Charles Wolfe was born in Dublin in 1791, the son of Theobald Wolfe, a member of a prominent Irish family. His father died when he was eight years old and the family moved to London two years later. He was tutored by a Dr Evans in Salisbury before going on to Hyde Abbey School in Winchester. The family returned to Ireland in 1808 and Charles entered Trinity College Dublin the following year, graduating in 1814.
He was ordained as a priest in 1817, his first appointment being as curate at Ballyclog in County Tyrone. Soon afterwards he transferred to Donaghmore in the same county. Charles Wolfe is best remembered for his poem The Burial of Sir John Moore at Corunna, an interment that was undertaken clandestinely after he was killed in battle in 1809. This poem was written around 1815 and was published posthumously in 1825 along with fourteen other poems.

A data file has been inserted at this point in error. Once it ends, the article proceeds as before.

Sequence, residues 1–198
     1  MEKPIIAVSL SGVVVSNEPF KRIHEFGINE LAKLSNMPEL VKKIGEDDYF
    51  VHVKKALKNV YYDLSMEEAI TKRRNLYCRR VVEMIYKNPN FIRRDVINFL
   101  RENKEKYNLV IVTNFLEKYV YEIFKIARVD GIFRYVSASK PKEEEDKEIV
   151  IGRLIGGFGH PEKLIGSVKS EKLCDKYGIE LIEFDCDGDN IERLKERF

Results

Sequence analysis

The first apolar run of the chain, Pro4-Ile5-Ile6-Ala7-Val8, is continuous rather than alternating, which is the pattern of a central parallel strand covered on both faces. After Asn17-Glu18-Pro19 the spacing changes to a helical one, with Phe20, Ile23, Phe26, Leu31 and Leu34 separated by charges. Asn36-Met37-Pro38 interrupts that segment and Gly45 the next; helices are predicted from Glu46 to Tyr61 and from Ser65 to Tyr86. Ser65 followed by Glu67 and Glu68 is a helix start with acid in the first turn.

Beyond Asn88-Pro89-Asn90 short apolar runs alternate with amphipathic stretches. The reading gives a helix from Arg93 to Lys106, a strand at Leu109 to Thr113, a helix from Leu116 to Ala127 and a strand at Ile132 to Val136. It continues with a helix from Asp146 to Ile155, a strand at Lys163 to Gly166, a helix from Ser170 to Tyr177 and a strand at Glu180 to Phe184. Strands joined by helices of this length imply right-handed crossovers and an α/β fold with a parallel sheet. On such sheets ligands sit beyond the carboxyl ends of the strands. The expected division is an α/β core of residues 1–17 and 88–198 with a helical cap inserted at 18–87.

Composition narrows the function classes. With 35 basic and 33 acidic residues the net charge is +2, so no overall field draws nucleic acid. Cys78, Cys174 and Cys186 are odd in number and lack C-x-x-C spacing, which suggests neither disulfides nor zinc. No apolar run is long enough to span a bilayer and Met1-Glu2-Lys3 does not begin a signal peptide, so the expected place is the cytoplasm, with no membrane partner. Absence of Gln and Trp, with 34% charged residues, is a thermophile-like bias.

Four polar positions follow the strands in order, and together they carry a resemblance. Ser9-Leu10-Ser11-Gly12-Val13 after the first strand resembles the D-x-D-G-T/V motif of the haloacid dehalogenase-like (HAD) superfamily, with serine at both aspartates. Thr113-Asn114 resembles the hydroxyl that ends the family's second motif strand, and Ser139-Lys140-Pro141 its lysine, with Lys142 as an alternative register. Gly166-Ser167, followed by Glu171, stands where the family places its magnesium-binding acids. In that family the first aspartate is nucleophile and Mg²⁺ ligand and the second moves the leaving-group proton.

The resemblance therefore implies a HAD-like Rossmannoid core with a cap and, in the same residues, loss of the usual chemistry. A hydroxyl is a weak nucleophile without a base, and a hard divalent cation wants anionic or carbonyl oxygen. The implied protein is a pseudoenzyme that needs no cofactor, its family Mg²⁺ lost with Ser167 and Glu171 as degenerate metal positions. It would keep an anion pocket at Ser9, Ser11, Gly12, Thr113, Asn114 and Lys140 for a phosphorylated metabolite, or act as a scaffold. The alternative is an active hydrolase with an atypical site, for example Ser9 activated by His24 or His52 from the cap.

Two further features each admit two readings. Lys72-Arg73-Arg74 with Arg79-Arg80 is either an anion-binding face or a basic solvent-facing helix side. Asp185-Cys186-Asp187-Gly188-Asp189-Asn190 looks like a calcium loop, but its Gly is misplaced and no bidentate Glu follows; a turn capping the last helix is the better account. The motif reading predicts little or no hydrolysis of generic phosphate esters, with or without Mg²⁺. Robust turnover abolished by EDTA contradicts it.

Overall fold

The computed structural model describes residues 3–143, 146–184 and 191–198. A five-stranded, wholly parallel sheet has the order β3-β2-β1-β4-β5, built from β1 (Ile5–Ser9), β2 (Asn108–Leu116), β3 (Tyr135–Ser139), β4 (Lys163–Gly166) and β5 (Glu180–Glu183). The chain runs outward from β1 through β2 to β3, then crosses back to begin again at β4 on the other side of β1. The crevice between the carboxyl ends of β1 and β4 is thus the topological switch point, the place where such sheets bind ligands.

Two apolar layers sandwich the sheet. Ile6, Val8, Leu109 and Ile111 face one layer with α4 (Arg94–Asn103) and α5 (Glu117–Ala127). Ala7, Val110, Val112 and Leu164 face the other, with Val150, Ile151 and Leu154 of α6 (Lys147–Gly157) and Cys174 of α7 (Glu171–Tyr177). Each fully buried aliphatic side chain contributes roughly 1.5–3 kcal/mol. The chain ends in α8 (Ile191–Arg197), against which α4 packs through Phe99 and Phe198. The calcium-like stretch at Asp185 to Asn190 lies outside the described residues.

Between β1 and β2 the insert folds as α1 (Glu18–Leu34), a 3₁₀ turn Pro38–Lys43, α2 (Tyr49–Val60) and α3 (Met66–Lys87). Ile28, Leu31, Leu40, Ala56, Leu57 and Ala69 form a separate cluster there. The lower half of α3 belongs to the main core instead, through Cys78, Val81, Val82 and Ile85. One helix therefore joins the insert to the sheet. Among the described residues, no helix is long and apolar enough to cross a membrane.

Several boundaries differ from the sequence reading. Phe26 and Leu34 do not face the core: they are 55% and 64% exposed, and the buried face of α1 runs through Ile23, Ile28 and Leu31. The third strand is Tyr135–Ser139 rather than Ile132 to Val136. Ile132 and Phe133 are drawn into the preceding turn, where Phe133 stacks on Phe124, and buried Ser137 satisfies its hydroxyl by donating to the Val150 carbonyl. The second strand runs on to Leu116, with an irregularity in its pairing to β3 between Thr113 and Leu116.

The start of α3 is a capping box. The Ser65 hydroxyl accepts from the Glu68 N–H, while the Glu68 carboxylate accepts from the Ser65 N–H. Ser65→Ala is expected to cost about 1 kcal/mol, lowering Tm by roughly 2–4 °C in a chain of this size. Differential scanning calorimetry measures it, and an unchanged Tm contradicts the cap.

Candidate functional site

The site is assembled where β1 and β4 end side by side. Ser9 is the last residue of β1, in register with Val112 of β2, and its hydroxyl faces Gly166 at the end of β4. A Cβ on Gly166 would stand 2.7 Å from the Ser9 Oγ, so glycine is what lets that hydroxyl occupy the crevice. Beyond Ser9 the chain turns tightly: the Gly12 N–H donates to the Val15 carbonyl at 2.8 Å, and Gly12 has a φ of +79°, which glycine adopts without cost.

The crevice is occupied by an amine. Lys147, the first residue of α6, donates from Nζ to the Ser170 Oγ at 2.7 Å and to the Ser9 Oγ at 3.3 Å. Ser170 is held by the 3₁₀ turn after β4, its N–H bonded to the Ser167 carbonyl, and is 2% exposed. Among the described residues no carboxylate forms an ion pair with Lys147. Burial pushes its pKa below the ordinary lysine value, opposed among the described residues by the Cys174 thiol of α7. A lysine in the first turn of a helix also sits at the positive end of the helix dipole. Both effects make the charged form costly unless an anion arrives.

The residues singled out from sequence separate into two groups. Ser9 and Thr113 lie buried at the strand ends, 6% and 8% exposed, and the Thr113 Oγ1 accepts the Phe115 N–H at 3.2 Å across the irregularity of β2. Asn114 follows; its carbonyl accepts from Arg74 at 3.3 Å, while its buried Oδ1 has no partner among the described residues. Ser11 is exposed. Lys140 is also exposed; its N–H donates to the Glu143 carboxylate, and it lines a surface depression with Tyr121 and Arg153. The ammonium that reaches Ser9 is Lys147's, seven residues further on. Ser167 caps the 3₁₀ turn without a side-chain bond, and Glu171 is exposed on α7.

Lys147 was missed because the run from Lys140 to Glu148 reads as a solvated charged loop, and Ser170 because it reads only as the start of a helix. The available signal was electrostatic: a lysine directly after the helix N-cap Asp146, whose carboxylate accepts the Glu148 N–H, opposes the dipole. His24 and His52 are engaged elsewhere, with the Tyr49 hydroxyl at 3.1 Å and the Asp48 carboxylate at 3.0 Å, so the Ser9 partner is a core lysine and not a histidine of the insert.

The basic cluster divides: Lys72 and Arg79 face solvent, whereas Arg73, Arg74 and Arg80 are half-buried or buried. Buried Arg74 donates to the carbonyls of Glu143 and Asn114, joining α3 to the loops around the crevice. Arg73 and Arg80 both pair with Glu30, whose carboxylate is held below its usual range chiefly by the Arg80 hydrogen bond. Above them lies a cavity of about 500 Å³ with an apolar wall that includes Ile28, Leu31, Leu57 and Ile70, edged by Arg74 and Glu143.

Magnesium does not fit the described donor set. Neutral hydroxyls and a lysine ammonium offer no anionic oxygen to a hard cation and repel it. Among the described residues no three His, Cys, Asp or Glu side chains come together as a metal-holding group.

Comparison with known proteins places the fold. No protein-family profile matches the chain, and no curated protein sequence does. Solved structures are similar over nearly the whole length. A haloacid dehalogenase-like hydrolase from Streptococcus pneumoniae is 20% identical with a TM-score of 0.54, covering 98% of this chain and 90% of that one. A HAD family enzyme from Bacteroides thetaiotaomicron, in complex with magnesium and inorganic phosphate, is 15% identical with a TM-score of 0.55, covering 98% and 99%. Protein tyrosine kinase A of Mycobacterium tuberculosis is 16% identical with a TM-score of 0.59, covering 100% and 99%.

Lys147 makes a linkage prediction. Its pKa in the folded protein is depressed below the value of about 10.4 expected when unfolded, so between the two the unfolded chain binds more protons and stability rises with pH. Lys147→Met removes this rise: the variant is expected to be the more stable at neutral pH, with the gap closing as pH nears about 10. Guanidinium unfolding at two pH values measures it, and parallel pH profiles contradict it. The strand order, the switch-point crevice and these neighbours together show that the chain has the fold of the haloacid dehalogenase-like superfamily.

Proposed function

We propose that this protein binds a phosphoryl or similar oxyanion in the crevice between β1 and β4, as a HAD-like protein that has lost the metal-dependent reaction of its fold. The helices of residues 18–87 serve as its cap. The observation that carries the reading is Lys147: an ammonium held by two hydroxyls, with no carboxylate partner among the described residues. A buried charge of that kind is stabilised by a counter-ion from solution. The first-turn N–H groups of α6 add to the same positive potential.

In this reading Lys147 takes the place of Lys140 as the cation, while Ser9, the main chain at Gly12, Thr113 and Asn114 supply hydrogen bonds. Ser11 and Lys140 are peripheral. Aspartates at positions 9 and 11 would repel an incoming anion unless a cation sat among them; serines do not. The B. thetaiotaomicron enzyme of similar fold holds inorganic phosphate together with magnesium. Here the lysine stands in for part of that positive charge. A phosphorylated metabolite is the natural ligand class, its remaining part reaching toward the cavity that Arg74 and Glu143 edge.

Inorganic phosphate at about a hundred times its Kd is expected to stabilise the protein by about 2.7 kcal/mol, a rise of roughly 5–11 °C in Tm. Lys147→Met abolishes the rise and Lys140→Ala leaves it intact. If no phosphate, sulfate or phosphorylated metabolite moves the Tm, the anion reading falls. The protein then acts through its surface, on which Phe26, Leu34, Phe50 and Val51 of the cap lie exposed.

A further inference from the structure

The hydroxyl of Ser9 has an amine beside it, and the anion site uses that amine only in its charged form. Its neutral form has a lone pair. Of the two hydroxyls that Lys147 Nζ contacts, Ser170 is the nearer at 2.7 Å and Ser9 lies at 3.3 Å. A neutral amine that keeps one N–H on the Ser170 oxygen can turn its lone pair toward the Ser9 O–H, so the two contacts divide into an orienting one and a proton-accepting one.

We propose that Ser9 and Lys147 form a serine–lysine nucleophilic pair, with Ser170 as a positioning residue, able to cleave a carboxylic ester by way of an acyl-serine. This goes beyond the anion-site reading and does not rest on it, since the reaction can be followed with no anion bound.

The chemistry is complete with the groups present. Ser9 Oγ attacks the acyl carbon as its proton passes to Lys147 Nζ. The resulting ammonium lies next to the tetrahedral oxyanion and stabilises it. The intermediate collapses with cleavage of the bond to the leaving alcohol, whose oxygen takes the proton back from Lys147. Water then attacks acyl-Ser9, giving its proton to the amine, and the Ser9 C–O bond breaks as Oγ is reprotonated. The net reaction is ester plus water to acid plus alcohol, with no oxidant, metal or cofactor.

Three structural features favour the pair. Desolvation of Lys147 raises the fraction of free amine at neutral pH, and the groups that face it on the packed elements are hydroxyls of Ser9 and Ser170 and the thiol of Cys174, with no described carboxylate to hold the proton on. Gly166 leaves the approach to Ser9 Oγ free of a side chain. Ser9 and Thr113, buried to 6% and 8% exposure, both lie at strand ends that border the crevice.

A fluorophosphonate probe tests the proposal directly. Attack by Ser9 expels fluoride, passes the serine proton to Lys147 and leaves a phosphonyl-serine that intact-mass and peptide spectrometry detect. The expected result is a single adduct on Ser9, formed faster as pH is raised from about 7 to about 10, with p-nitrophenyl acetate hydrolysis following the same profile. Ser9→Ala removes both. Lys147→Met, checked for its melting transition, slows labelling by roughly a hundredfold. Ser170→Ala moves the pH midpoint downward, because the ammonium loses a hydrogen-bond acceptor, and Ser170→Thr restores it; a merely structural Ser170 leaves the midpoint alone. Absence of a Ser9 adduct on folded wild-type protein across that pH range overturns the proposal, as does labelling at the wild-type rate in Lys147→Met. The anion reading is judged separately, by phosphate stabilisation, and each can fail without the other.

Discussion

After having been rejected in love, he moved for a time to the South of France but returned to Ireland and lived at Queenstown, now known as Cobh, in County Cork where he died aged 31 of consumption. Although primarily known for much anthologised poem on the burial of Sir John Moore, other poems such as To Mary and O, Say Not That My Heart Is Cold are beautifully constructed and convey a quiet sadness and a deep sense of nostalgia. He was a fine poet who was greatly admired by no less a poet than Byron. There is a marble monument to him in St Patrick’s Cathedral, Dublin.